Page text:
Well, the first ten days of Zul Hajj offer another chance to get great rewards, have our sins forgiven, and continue to increase our piety. These days are blessed not only for those who go on Pilgrimage, but for all believers everywhere in the world. Everyone can earn extra blessings by doing additional good deeds during these days, as this is a month of heightened spirituality in which two very special events take place — the Pilgrimage and the Feast of Sacrifice — all in devotion to Allah. It is, however, a period to which not enough attention is paid, a period that presents itself and is  just  suddenly  over.

Hajj represents the culmination of the believer’s spiritual growth. After having fulfilled the four other pillars (creed, prayer, fasting, and zakat), as a last spiritual step the inner urge to visit Mecca, to perform the Hajj, to be in that place where our Holy Prophet [Muhammad (pbuh)] as well as other great Prophets such as Abraham dwelt, propels us towards fulfilling the last pillar of Islam, the spiritual pinnacle, in the last month of the Islamic year.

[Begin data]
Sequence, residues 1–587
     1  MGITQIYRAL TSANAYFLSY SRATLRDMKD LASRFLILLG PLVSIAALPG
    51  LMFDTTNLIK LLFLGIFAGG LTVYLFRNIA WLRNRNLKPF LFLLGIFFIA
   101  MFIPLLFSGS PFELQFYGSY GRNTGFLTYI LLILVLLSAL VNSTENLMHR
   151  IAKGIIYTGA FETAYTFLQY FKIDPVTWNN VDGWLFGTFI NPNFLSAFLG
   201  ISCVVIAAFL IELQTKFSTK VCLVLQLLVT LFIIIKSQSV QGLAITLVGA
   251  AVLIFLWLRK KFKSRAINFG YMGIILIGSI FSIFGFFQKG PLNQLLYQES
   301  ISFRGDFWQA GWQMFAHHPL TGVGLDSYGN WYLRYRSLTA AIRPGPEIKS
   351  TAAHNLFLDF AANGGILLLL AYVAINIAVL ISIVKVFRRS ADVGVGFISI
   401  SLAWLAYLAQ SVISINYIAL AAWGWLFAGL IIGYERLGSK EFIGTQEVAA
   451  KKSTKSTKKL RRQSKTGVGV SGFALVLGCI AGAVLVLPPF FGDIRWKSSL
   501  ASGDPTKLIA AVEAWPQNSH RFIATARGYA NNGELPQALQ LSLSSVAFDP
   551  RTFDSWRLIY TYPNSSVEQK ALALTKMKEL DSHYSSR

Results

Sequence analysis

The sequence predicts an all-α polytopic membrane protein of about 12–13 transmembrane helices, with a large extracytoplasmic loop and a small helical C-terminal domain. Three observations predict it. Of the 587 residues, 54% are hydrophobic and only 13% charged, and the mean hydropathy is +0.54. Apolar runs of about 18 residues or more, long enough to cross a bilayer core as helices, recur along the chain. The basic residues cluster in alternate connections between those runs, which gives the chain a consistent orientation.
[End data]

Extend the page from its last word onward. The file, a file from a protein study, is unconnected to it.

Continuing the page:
Ramadan can actually be seen as a prelude to Hajj. The Feast of Sacrifice, Eid ul-Adha, is considered to be a more important festival than Eid-ul-Fitr. We read in the Holy Quran (2:183):

یٰۤاَیُّہَا الَّذِیۡنَ اٰمَنُوۡا کُتِبَ عَلَیۡکُمُ الصِّیَامُ کَمَا کُتِبَ عَلَی الَّذِیۡنَ مِنۡ قَبۡلِکُمۡ لَعَلَّکُمۡ تَتَّقُوۡنَ ﴿۱۸۳﴾ۙ

“O you who believe, fasting is prescribed for you, as it was prescribed for those before you, so that you may attain taqwa” (The Holy Quran, 2:183).

And when we consider what the true purpose of the sacrifice of Eid-ul-Adha is, we see that it goes much further than just taqwa (to guard against evil, Godly fear, righteousness), as we read in the Holy Quran: